Providing calcium, magnesium, phosphorus, potassium, selenium, zinc, and an entire alphabet soup of vitamins, milk is one of the most complete foods available. From bone strength to heart health and even weight management, the health benefits of dairy are undeniable. But before you decide to quadruple your dairy intake, take a look at the dangers it can also pose.
First, dairy provides protein that can significantly improve bone mineral density, an especially important factor for the 10 million Americans at risk of osteoporosis. The combination of protein and calcium in milk is even more effective at battling osteoporosis. Not only that, but calcium can also help in maintaining a healthy weight; one study demonstrated that young, average-weight women who ate at least three servings of dairy a day gained less fat over a year and a half than did those who ate fewer than three servings a day.
For active people, milk also provides protein necessary for rebuilding muscles. Resistance exercise (like weight training) increases muscle size, but that’s only possible if you also have enough high-quality protein. Dairy products provide protein that’s 80% casein and 20% whey, and provides amino acids that are absolutely essential to building new muscle. A study in which young men participated in a weight lifting program, and then drank two cups of milk afterward gained more muscle mass and lost more body fat than those who drank a soy protein or other beverage.
However, dairy products generally have a fairly high fat content, which can increase the risk of cardiovascular disease. And just removing the fat doesn’t solve the problem either. If a woman consumes too much of the milk sugar lactose, it can overwhelm her enzymes’ capacity to break it down completely, and lead to severe health problems. In fact, women with low levels of the required enzymes may triple their risk of ovarian cancer just by regularly consuming dairy products.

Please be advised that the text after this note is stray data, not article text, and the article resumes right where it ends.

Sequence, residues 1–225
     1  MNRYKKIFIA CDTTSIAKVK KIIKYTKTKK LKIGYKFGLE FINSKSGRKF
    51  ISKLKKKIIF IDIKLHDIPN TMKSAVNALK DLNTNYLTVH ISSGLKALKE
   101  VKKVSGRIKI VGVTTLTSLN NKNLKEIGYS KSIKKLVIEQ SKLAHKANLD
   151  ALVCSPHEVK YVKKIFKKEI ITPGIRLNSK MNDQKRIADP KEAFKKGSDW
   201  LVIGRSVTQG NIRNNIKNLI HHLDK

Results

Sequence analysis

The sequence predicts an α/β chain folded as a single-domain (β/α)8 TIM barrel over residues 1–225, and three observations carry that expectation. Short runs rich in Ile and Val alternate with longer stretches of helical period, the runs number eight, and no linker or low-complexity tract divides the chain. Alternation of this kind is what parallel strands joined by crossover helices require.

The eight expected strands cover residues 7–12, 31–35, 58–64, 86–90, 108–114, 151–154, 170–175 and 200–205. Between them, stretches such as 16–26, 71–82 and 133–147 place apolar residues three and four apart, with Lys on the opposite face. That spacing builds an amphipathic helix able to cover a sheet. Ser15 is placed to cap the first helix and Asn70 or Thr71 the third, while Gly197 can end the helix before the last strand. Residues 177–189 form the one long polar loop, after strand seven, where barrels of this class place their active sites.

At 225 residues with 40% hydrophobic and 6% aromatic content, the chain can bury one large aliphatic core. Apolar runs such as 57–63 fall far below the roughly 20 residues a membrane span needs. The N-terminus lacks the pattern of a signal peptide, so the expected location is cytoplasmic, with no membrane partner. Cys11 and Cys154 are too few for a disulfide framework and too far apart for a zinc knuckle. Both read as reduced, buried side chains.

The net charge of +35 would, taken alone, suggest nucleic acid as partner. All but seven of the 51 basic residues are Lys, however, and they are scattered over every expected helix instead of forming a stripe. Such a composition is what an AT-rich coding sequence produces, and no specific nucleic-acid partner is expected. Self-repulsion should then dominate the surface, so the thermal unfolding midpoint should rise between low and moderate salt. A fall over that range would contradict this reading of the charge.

This same milk sugar is also the culprit behind the gastrointestinal problem known as lactose intolerance. Millions of people lack the enzymes needed to digest lactose properly, which results in stomach pain and other undesirable side effects.
Like all things, dairy products are best in moderation. Their health benefits are undeniable, but in excess, they can also cause harm. Make your dairy decisions based on your own body—pay attention to what makes you feel better and what doesn’t. If you listen to your body, you’ll be sure to strike an appropriate balance between gleaning all the wonderful nutrients from dairy products without overwhelming your body’s ability to process them.